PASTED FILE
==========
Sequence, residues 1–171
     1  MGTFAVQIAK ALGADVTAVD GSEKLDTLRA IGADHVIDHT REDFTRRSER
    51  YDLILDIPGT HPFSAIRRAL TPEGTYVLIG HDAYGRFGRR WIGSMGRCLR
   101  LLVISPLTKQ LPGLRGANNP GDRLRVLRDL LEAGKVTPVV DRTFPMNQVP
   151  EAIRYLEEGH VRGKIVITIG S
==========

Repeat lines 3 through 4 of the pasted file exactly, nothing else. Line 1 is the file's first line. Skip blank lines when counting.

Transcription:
    51  YDLILDIPGT HPFSAIRRAL TPEGTYVLIG HDAYGRFGRR WIGSMGRCLR
   101  LLVISPLTKQ LPGLRGANNP GDRLRVLRDL LEAGKVTPVV DRTFPMNQVP